From the English word, potash - pot ashes; Latin kalium, Arab qali, alkali. Discovered in 1807 by Davy, who obtained it from caustic potash (KOH); this was the first metal isolated by electrolysis.
The metal is the seventh most abundant and makes up about 2.4% by weight of the earth's crust. Most potassium minerals are insoluble and the metal is obtained from them only with great difficulty.
Certain minerals, however, such as sylvite, carnallite, langbeinite, and polyhalite are found in ancient lake and sea beds and form rather extensive deposits from which potassium and its salts can readily be obtained. Potash is mined in Germany, New Mexico, California, Utah, and elsewhere. Large deposits of potash, found at a depth of some 3000 ft in Saskatchewan, promise to be important in coming years.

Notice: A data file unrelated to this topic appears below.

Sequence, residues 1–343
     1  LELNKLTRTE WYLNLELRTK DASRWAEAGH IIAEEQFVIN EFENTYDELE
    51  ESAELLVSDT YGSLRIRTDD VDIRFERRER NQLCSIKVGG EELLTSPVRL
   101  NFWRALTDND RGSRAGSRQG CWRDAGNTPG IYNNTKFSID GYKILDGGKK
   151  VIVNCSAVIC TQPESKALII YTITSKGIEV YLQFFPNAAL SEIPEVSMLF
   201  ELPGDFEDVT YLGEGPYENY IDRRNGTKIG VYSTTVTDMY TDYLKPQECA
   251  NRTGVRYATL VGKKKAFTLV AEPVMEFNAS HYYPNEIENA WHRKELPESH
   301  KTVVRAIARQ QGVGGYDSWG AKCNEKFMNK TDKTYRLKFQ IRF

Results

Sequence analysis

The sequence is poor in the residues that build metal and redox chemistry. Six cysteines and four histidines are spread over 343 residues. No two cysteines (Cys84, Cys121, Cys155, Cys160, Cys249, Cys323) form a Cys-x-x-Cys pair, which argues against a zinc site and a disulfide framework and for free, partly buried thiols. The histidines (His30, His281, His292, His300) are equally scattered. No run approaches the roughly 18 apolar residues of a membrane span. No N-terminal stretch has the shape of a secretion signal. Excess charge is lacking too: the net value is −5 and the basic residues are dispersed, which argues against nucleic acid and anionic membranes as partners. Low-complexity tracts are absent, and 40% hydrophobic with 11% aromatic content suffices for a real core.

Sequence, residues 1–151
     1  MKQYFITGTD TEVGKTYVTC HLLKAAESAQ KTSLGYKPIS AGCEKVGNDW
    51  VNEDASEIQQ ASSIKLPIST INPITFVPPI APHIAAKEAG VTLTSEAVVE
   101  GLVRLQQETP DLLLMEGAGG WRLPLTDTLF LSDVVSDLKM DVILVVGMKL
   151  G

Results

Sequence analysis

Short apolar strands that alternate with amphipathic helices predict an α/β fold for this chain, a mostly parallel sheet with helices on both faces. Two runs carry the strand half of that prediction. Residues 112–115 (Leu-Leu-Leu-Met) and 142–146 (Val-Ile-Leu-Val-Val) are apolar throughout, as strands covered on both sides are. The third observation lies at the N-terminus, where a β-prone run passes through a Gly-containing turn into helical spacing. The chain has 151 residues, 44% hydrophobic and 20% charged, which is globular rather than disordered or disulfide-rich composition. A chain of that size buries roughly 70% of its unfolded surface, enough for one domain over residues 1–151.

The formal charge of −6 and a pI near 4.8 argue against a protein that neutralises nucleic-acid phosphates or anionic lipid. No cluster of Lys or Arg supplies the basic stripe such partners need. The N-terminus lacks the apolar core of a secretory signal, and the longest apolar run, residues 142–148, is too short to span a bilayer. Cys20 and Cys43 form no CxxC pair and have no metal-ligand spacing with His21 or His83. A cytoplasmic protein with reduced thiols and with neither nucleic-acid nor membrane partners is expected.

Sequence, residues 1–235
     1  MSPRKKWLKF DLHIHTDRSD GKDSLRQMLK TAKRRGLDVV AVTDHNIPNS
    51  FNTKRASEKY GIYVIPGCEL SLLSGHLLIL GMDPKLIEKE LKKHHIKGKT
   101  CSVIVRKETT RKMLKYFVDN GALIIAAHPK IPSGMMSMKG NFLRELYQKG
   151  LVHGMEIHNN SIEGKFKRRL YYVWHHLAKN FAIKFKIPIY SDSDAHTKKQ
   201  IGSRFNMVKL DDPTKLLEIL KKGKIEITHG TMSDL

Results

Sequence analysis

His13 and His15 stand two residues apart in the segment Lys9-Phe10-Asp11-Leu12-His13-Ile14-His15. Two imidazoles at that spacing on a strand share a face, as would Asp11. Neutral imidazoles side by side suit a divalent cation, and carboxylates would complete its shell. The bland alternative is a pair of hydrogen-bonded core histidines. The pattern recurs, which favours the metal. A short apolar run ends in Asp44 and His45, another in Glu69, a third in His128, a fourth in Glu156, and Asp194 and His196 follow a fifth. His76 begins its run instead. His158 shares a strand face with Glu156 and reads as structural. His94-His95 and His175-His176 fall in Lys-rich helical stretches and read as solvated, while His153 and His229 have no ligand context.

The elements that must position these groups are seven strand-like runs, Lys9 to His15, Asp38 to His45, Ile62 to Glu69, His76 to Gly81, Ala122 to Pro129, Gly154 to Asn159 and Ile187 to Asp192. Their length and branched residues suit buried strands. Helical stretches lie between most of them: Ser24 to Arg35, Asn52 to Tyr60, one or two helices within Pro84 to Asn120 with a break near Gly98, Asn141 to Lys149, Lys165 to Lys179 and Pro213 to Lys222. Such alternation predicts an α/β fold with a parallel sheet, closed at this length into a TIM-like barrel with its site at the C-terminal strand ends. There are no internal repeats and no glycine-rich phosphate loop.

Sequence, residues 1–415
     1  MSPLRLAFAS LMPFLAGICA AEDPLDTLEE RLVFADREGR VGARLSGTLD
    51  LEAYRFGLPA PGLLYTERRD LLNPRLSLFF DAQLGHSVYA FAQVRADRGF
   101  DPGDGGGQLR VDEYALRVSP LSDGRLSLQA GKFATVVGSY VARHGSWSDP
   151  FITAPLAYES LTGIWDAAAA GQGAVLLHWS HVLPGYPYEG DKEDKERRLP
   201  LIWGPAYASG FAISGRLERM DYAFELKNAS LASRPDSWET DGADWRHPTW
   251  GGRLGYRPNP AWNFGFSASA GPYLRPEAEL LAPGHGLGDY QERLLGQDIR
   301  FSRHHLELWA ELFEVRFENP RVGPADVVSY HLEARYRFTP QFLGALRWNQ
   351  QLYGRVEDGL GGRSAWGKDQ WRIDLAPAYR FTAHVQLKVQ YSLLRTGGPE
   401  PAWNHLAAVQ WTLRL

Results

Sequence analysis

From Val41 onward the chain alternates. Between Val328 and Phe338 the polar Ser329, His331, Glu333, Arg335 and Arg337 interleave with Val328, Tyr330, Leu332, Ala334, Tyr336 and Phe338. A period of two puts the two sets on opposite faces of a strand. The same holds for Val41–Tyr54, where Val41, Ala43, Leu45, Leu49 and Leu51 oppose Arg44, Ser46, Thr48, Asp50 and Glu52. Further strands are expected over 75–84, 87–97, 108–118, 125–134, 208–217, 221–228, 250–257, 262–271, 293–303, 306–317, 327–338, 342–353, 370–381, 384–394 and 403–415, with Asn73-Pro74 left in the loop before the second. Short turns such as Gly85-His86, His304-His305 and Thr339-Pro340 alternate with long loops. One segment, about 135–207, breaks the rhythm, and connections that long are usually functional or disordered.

Potassium is also found in the ocean, but is present only in relatively small amounts, compared to sodium.
The greatest demand for potash has been in its use for fertilizers. Potassium is an essential constituent for plant growth and is found in most soils.
An alloy of sodium and potassium (NaK) is used as a heat-transfer medium. Many potassium salts are of utmost importance, including the hydroxide, nitrate, carbonate, chloride, chlorate, bromide, iodide, cyanide, sulfate, chromate, and dichromate.
Seventeen isotopes of potassium are known. Ordinary potassium is composed of three isotopes, one of which is 40°K (0.0118%), a radioactive isotope with a half-life of 1.28 x 109 years.